New Policies Would Allow Lakes to Safely Remain Open Longer, Allow People to Make Informed Choices
Senator Anthony M. Bucco said he is optimistic about changes announced by the New Jersey Department of Environmental Protection (NJDEP) regarding the manner in which harmful algal blooms (HABs) in state lakes will be managed and communicated to the public going forward.
A New Jersey lake closed last year due to a HAB. Sen. Anthony M. Bucco said he is optimistic about changes announced by the NJDEP regarding the manner in which harmful algal blooms in state lakes will be managed and communicated to the public going forward. (SenateNJ.com)
“We were deeply concerned when Lake Hopatcong and other recreational lakes around New Jersey were shut down last year for much of the summer due to State standards for algal blooms that were much stricter than virtually anywhere else,” said Bucco (R-25). “That approach hit our lakeside communities and their economies hard. With the current economic challenges of COVID-19, I am encouraged by the fact that the NJDEP listened to our concerns and developed a much more reasonable and nuanced approach to managing algal blooms that will prevent unnecessary additional harm to our lakeside businesses.”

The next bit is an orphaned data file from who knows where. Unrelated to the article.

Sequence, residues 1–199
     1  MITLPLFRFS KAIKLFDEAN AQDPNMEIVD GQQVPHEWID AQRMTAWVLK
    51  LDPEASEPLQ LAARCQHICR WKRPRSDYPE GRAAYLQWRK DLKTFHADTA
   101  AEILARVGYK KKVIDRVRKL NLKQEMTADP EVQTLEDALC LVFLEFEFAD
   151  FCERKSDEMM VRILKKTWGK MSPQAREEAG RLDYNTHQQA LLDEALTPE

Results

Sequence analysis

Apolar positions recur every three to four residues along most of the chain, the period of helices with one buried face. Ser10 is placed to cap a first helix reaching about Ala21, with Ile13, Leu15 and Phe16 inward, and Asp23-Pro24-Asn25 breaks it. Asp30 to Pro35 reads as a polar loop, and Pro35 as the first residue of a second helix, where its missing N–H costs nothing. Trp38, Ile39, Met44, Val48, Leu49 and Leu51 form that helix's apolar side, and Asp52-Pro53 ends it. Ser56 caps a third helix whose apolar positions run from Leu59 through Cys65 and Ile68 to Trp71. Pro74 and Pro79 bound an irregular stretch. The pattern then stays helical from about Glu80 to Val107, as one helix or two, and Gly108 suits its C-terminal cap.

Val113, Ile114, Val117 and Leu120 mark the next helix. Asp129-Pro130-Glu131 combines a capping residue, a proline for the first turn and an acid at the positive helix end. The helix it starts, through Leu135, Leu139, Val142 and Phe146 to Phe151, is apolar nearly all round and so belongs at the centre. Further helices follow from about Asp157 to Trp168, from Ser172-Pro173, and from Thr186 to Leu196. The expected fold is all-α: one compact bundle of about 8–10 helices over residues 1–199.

The NJDEP has developed a color-coded health alert index that will provide guidance on recreational use recommendations to the public based on different count levels of cyanobacteria and/or cyanotoxins present. The index has multiple alert categories, each providing recommendations based on water monitoring results.
The new guidelines allow recreational activities to continue in more situations when blooms are detected. During smaller blooms, at count levels when recreational activity would have been prohibited previously, people will instead be provided with clear signage of the alert level to allow for informed decisions to be made.
“Under the new system, lakes that were closed completely last year could remain open to various forms of recreation in many instances,” added Bucco. “This aligns the management of New Jersey’s lakes more closely with policies that have proven safe in other states, while giving people more information and choice about the risks they are willing to accept. That’s what we asked for on behalf of our constituents. We’re glad the NJDEP listened.”
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